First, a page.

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Posted on: July 18, 2018


Marathon Canal filled with hurricane debris W

MARATHON, FL – The Monroe County Board of County Commissioners approved Wednesday a contract not to exceed $35 million with Tavernier-based Adventure Environmental, Inc. The contract is for the removal of marine debris created by Hurricane Irma in 103 of the most heavily impacted canals in unincorporated Monroe County, the City of Marathon and the Village of Islamorada.

Adventure Environmental anticipates it will have its crews, equipment and permits in place to begin the project in early August, with the work scheduled to take no more than 220 days (about 7-8 months) to meet the federal grant funding conditions.

Adventure Environmental is hiring two locals companies (ASAP Marine Contractors of Tavernier and Arnolds Towing and Salvage of Stock Island), as well as Tetra Tech, Inc. commercial diving division, to work on the project. The crews will be cleaning up canals simultaneously at different locations throughout the Keys. Of the 103 canals, eight are in the Upper Keys, 23 in the Middle Keys and 72 in the hardest hit Lower Keys.

Funding was obtained from the Emergency Watershed Protection Program of the U.S. Department of Agriculture’s Natural Resources Conservation Service. A total of $49.2 million is available under this grant ($45.9 million for marine clearing activities and $3.3 million for monitoring). It is divided as follows: $35.2 million for unincorporated Monroe County, $7.5 million for Marathon and $6.5 million for Islamorada.

“Kudos to our County staff and County Administrator (Roman Gastesi) for pulling this off – obtaining this funding really is a once-in-a-lifetime opportunity,” Monroe County Commissioner Heathers Carruthers said, with agreement from the rest of the Commission. “Way to go Roman.”

The federal grant has a local match (non-federal funds) of 25 percent. Monroe County will use $5.5 million of its Florida Keys Stewardship Act funds toward its portion of the local match.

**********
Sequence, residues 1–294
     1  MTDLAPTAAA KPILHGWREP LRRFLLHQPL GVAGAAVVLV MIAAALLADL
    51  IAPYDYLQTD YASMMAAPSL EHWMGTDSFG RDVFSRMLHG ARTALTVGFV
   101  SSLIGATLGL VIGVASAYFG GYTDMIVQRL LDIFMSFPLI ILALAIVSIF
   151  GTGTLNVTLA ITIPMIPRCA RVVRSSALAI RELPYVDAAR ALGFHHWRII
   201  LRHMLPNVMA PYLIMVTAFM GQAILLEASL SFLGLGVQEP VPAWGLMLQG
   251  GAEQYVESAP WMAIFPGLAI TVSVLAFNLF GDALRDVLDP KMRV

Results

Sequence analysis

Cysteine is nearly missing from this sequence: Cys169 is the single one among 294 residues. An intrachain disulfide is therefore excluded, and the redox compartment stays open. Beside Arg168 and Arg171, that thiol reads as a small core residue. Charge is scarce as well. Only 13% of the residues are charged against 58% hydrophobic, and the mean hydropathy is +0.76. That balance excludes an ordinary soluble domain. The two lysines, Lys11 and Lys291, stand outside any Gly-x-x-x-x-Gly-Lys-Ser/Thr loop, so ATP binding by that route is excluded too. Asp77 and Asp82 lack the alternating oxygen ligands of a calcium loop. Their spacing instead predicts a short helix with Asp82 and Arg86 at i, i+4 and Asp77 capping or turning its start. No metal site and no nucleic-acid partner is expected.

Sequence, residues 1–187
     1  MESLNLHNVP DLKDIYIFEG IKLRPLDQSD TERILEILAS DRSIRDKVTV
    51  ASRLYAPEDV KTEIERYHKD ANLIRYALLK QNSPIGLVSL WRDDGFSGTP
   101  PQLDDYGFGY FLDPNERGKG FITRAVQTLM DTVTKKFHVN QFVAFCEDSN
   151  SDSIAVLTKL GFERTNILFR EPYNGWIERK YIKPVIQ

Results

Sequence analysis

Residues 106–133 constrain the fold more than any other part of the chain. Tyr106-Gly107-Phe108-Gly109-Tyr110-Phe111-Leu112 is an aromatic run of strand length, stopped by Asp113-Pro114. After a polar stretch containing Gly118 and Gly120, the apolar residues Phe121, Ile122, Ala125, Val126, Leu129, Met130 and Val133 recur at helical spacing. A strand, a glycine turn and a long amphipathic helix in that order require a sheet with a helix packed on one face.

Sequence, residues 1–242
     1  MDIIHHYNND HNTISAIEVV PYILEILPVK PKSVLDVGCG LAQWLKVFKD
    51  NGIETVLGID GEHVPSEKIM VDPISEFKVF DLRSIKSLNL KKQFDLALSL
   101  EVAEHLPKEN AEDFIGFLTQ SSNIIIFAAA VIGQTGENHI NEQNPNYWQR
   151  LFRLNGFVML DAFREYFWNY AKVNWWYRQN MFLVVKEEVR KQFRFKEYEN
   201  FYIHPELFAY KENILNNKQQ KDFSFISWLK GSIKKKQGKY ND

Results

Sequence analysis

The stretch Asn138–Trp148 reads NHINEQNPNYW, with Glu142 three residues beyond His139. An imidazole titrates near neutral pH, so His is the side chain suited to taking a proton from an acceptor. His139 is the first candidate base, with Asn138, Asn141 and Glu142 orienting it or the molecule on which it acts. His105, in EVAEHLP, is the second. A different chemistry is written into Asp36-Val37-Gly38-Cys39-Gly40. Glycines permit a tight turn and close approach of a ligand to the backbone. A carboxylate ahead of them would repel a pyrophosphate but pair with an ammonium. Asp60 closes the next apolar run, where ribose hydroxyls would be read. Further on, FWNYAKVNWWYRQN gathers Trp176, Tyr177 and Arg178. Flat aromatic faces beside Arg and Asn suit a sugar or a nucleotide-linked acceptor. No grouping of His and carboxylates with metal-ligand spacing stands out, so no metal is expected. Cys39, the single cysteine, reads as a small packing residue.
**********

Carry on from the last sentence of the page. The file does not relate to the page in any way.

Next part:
The marine clearing contract with Adventure Environmental may be amended at a later date to add additional available grants funds if they are needed and desired by the County BOCC.

The marine debris will be collected from the canals and taken to four temporary debris management sites throughout the Keys before being hauled to the mainland for final disposal.

The County’s temporary debris management sites are: Rowell’s Waterfront Park in Key Largo and the old Prison site on Big Pine Key. The City of Marathon is using its City Marina and Marathon Blanco Oceanside. The Village of Islamorada is using FDOT property at MM 80.5 on the bayside.

To obtain this funding, on Feb. 15, 2018, Monroe County submitted five Damage Survey Report application packages for Irma marine debris removal to the regional office of the National Resources Conservation Services.

“We would like to thank our elected officials – U.S. Senator Bill Nelson, U.S. Senator Marco Rubio, U.S. Rep. Carlos Curbello and state Rep. Holly Raschein – for helping us navigate the federal grant through the federal system once the USDA-NRCS had approved our project applications,” said Rhonda Haag, Monroe County’s Director of Sustainability who is coordinating the marine debris cleanup project for the County.

All funds go through the County. The County also entered into interlocal agreements with the Village of Islamorada and the City of Marathon that addresses coordination between the municipalities and the County, and the payment by the municipalities for work performed in their areas.

The Commission also approved a contract with Wood Environment and Infrastructure Solutions Inc., not to exceed $3.1 million, for marine debris monitoring services for the project.

Adventure Environmental already has been conducting side scan sonar, photographed the top side of canals and had divers document debris below the water line.

“We are very excited that after months of working to obtain the funding and coordinate the project, the work soon will begin to clean our canals of hurricane debris and hazardous material that is adversely affecting water quality and our marine ecosystem.”